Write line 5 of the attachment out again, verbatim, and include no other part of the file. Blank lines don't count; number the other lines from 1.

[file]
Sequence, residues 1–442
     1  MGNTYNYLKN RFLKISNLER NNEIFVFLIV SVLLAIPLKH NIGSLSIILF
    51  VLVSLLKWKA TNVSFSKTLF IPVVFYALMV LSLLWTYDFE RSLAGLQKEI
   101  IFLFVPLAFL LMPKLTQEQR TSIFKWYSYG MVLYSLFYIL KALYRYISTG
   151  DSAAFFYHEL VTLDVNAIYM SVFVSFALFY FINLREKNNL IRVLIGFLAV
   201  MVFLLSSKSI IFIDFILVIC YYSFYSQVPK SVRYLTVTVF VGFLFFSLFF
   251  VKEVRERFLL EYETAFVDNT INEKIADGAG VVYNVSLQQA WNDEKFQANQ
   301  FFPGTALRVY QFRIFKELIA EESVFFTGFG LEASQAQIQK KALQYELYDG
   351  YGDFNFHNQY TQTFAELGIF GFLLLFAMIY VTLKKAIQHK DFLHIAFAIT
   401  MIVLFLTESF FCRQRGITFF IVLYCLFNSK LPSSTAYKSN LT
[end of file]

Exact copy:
   151  DSAAFFYHEL VTLDVNAIYM SVFVSFALFY FINLREKNNL IRVLIGFLAV